Trump Campaign to Accept Cryptocurrency Donations Ahead of Election Day

Donald Trump’s presidential campaign announced on Tuesday that it will begin accepting cryptocurrency donations, aiming to create a “crypto army” ahead of election day.

This move allows supporters to contribute using digital assets that can be traded online without relying on traditional banking systems.

The Trump campaign has launched a fundraising page enabling “any federally permissible donor” to contribute to its political committees using any cryptocurrency supported by the Coinbase exchange, according to AP.

Currently, the campaign accepts popular cryptocurrencies like Bitcoin, Ether, US Dollar Coin, and internet-favorite coins such as Shiba Inu Coin and Dogecoin. Notably, billionaire Elon Musk is a fan of Dogecoin and Shiba Inu Coin, traded as DOGE and SHIB, respectively.

It remains unclear whether the campaign will retain the cryptocurrency donations or sell them immediately, and what fees might be incurred during liquidation. Despite the campaign’s intention to comply with US election laws, the anonymous nature of cryptocurrencies could complicate the verification of donation sources.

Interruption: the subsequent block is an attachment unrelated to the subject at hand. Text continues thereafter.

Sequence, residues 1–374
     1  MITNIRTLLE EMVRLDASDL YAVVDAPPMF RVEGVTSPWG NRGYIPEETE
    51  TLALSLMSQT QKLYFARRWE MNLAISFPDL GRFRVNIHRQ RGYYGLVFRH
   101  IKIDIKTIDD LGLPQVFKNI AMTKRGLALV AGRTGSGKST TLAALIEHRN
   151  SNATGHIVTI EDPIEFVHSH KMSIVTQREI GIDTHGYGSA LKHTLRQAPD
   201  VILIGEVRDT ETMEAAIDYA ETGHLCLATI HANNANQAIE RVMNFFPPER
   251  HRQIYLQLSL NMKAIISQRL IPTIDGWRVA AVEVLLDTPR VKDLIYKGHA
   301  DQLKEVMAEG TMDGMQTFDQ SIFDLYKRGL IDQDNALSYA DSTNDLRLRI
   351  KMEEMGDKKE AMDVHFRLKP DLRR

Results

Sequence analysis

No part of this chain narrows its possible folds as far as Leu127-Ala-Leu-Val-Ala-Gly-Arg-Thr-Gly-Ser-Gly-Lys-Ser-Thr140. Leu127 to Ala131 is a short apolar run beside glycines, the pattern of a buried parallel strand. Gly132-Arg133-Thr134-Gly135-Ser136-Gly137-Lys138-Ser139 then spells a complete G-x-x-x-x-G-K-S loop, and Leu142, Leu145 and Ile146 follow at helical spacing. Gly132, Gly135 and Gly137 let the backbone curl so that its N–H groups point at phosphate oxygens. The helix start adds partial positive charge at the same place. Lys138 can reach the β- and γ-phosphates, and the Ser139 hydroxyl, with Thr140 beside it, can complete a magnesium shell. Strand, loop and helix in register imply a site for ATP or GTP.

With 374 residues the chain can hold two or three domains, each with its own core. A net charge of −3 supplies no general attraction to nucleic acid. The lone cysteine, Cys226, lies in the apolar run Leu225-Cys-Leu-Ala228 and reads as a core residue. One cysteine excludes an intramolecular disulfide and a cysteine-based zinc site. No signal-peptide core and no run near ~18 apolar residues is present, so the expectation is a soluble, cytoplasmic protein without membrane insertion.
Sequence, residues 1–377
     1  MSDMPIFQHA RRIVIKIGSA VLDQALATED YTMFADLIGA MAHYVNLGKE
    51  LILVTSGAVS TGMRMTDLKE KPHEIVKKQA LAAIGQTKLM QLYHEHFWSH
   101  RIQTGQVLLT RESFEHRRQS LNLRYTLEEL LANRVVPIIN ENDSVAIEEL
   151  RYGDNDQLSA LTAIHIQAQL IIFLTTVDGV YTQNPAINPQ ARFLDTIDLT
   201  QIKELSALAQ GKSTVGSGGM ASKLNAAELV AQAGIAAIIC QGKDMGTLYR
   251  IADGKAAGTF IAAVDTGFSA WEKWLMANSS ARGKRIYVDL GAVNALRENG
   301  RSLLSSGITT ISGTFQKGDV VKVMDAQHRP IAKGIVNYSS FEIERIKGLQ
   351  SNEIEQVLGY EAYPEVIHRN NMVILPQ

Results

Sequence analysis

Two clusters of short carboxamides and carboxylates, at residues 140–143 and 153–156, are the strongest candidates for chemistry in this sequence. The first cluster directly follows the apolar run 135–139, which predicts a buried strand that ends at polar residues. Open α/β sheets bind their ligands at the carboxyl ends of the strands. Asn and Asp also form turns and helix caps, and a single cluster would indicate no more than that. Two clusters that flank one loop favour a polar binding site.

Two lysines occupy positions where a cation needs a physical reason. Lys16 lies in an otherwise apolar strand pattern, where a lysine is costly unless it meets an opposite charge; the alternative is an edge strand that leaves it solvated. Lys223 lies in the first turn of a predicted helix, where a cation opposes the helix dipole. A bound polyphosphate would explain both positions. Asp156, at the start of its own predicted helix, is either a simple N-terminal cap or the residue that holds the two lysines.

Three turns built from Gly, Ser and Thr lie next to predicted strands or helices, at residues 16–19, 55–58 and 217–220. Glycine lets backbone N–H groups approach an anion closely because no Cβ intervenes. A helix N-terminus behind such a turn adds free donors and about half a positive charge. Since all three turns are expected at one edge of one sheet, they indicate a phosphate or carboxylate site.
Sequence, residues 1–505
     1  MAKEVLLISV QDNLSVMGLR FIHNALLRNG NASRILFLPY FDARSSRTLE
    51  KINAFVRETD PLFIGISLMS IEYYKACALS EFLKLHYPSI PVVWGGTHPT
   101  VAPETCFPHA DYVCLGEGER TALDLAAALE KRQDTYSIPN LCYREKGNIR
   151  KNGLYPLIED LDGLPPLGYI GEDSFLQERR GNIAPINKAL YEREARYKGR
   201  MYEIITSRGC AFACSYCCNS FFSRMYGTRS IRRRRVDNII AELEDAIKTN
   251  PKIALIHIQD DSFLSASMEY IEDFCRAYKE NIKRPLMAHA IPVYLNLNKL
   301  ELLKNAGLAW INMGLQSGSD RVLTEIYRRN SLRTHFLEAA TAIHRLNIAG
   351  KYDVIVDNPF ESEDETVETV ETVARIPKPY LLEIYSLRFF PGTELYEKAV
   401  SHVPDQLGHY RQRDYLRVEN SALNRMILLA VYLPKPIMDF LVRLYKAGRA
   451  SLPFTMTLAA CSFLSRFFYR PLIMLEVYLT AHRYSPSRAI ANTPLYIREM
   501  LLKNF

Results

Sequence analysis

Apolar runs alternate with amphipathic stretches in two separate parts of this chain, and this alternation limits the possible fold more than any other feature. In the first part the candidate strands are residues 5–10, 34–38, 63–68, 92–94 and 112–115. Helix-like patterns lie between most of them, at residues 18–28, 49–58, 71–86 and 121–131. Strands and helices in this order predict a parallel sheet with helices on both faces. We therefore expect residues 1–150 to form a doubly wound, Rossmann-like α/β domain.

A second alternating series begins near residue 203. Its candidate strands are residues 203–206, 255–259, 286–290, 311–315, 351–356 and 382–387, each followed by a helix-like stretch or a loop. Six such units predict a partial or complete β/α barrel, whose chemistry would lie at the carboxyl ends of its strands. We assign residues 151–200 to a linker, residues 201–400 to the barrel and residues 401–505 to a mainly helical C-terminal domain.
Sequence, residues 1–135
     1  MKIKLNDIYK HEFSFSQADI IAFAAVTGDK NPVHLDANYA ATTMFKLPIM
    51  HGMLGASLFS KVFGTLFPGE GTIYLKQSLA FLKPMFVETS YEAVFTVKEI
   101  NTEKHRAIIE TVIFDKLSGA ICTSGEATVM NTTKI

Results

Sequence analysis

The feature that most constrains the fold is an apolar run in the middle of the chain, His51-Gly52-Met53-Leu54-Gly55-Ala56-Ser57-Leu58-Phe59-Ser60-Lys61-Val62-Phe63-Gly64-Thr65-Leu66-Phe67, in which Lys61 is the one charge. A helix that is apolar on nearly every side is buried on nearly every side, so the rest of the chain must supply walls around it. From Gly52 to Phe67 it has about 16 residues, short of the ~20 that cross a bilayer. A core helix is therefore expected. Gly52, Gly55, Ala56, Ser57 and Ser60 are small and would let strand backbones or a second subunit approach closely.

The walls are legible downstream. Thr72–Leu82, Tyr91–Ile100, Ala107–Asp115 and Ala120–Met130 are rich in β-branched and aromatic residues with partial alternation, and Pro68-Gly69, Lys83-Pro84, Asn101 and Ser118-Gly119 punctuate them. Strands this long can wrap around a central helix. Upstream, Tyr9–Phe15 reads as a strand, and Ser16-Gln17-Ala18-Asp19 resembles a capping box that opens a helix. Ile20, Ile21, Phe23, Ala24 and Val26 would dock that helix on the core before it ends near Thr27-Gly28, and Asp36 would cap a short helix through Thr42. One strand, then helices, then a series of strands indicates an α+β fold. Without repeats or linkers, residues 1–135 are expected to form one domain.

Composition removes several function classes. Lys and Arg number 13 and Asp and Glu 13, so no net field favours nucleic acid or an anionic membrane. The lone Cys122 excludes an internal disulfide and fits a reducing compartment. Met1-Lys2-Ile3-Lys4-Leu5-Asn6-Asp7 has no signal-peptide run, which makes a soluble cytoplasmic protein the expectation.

Trump has previously received millions in cryptocurrency through his Trump Digital Trading Cards non-fungible token projects and the MAGA coin released last August, as reported by ABC News.

“Crypto is nonpartisan and moves money forward because it’s cheaper and faster. The Coinbase platform is open to all candidates this election season,” said Coinbase spokeswoman Julia Krieger to The Associated Press.

Independent candidate Robert F. Kennedy Jr.’s campaign is also accepting Bitcoin donations. Joe Biden’s campaign did not respond to AP’s queries regarding cryptocurrency contributions.

While some states prohibit cryptocurrency donations in state elections under current campaign finance laws, the Federal Election Commission allows committees to accept Bitcoin contributions.

A 2014 advisory opinion from the commission determined that bitcoin qualifies as “money or anything of value” under the law, advising political committees to value bitcoin contributions based on their market value at the time of receipt.